Culture is not a commodity easily associated with sport these days (sub-culture may be nearer the mark) but it is something Barbara Cassani must now encompass in her vocabulary as she begins her countrywide campaign to win the hearts and minds of the British public as well as the vital votes of the denizens of the International Olympic Committee. For culture is the new Olympic buzzword, as any recent visitor to Athens will testify. Next year's Olympic citadel is awash with cultural happenings - art and architectural exhibitions, plays, operas, festivals of music and dance. Welcome to the £75m extravaganza known as Cultural Olympiad, which runs right up to the start of the real thing next August. So impressed are the IOC with its uplifting effect on the Olympic movement, that they have decided every future Games should have one. So if Cassani wants to collect a few Brownie points she should start wooing the nation's culture vultures now. The Greeks, as you might expect, have pitched themselves into it big-time, even recruiting their former heads of national TV to run the show. Evgenios Giannakopoulos, the dynamic Greek Greg Dyke, has assembled a breathtaking array of events, including the world's biggest contemporary art exhibition, and the Olympiad is donating £5m to a Unicef immunisation programme. Similar proposals in the final draft of London's submission would certainly boost the bid's prospects. So perhaps someone like Lord Melvyn Bragg might be as much an asset to the bid committee as Lord Seb Coe. London should have no problem in putting together a fabulous cultural show. However it might have to go some to out-culture the Greeks, who rightly believe the Olympiad's pièce de résistance should be the return of their Marbles.
Bruno back in the ring on night of nostalgia
The last time Frank Bruno stood in the ring at London's York Hall it was in a state of shrunken bewilderment, which we assumed was due observing the unseemly carry-on between Audley Harrison and Herbie Hide. Subsequent events indicated that there was more to Big Frank's folorn appearance , so it is heartening to see that he returns there tomorrow night looking more like his old self after a month-long his treatment for depression. Bruno leads the England team out in their amateur international against the United States, with former foe Tim Witherspoon carrying the American flag, a gesture which shows that the boxing apartheid between amateurs and pros is virtually over. An evocative occasion will bring back memories of the night "Blond Bomber" Billy Walker et al spanked the Yanks 10-0 in 1961, an event shown live on BBC TV. Tomorrow's match will be recorded "for a future date," another indication that the Beeb's renewed glove affair with boxing is cooling fast.
Enter Walker on cue, with Olympics in mind
Sir Rodney Walker's quick return to the colours as the new chairman of World Snooker - a move first mooted in this column - means the sport will have a heavyweight champion in its corner when it comes out fighting for life-sustaining sponsorship once cigarettes are finally stubbed out by 2005. Walker, well-connected former head of UK Sport, the Rugby League, and a host of other bodies, begins work tomorrow, a priority being to find suitable replacements for the baccy backers. He admits it will be difficult but says: "Snooker's big advantage is that it is second only to football in TV exposure, so I am quite hopeful." In his time as Commonwealth Games chairman, Walker was keen to include snooker in the Manchester event, and is likely to push for Olympic status.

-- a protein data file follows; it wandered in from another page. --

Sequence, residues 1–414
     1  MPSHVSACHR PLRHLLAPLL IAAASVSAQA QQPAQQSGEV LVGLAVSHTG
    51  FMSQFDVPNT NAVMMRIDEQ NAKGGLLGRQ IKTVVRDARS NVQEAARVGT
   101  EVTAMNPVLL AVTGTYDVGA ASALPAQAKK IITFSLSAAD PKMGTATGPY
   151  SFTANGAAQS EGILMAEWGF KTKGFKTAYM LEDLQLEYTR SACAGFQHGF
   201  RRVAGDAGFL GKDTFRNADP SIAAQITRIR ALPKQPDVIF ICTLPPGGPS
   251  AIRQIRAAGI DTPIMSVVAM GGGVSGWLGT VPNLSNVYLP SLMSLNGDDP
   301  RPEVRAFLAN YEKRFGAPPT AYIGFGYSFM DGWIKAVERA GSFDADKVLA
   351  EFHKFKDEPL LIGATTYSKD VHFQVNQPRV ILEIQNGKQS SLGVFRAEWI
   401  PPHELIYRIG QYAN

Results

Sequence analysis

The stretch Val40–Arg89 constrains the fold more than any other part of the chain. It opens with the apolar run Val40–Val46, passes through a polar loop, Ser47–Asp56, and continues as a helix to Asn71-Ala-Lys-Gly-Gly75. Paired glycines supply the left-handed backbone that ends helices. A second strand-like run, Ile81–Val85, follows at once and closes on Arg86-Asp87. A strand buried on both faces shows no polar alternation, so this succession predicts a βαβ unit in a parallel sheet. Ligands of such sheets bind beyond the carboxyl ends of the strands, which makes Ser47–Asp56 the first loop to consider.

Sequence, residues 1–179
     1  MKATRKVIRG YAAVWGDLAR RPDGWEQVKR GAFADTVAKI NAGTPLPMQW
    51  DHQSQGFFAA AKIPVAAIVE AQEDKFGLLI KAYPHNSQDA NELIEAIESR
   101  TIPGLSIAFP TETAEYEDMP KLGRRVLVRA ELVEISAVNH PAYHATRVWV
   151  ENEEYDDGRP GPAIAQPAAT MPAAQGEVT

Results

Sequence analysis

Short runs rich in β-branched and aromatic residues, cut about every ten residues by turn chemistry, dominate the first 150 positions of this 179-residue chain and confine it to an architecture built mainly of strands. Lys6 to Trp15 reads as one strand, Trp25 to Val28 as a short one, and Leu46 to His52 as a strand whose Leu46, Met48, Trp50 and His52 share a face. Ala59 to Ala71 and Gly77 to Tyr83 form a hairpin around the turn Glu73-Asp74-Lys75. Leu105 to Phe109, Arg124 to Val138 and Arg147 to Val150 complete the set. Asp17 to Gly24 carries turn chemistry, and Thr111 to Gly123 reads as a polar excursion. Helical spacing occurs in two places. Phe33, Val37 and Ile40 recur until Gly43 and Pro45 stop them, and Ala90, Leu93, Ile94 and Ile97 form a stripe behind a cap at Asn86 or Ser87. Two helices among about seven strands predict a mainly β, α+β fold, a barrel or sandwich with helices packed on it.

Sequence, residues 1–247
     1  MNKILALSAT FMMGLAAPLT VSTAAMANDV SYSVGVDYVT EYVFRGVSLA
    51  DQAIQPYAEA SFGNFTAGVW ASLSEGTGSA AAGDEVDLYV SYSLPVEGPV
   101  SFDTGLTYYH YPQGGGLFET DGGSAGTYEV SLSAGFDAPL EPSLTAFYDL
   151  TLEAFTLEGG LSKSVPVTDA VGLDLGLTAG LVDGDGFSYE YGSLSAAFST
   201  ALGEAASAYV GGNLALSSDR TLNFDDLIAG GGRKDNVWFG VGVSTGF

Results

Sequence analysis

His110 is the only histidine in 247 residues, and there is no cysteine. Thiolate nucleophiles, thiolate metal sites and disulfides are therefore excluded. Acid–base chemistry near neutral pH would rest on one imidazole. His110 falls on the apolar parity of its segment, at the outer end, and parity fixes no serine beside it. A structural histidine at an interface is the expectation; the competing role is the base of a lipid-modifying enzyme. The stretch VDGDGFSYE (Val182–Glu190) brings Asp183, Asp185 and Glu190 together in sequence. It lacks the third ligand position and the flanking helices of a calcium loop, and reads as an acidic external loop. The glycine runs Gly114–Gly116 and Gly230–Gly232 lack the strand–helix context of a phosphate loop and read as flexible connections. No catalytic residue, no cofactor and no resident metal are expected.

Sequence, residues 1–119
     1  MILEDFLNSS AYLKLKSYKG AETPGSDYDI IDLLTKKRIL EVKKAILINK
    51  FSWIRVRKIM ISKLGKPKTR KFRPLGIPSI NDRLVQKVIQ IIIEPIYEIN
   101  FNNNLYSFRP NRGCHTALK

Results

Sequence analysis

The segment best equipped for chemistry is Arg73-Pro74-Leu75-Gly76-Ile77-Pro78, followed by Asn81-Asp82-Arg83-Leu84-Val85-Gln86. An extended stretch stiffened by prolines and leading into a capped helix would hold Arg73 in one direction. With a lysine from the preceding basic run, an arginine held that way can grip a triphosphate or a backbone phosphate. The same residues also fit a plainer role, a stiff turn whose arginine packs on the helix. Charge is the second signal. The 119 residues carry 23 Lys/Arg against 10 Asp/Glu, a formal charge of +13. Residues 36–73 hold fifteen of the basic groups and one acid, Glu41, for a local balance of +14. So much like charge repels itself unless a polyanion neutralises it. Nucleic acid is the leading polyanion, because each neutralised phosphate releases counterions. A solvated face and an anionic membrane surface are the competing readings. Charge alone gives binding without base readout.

How much longer will UK Sport, much in the news of late as sport's drugs busters, keep their Government-funded role ? There is growing speculation the anti-doping programme will soon be handed over to an independent agency, a move that, I'm told, will be "firmly resisted" by some senior officials at UK Sport, who believe Michele Verroken's unit are doing a first rate job.
However, new chairman Sue Campbell confirms that the future of the drugs unit is now being reviewed. The British Olympic Association have made it clear that they favour an independent authority, as they feel there is a conflict of interests, in that a body funding élite sport via the Lottery could be compromised by involvement in doping control. Interestingly sports minister Richard Caborn lunched last week with Dick Pound head of the World Anti-Doping Authority, whose advice in setting up an independent body may prove crucial.
Should Michael Howard ever cross the Number 10 threshhold, would it be a giant step for sporting kind? One who believes so is his friend Lord Colin Moynihan, the shadow sports minister.
"He is genuinely passionate about sport," says Lord Moynihan. "Not is he only a committed Liverpool supporter and horse racing fan, but he plays tennis every week and is no mean table tennis player, seeing me off on more than one occasion. As Shadow Chancellor he has been a strong supporter of both Seb Coe and myself to stop the Government pocketing the tax from the proposed Olympic Lottery Fund. He would be the best PM sport could have." Should tennis-playing Tony Blair dispute this, perhaps they might settle it over five sets.
Young girls look up to people like Beyoncé and J-Lo. They don't think going out and getting sweaty is very glamorous. Athlete Jade Johnson believes role- model sportswomen must try to appear more feminine... The director told me he didn't want me to take acting lessons, just be myself. I'm playing a bent policeman. Footballer Neil Ruddock on his upcoming screen debut... Who knows what's going to happen? I pray. God's the only one who can help me. Dwain Chamberspondering his Olympic chances before his positive dope test was revealedReuse content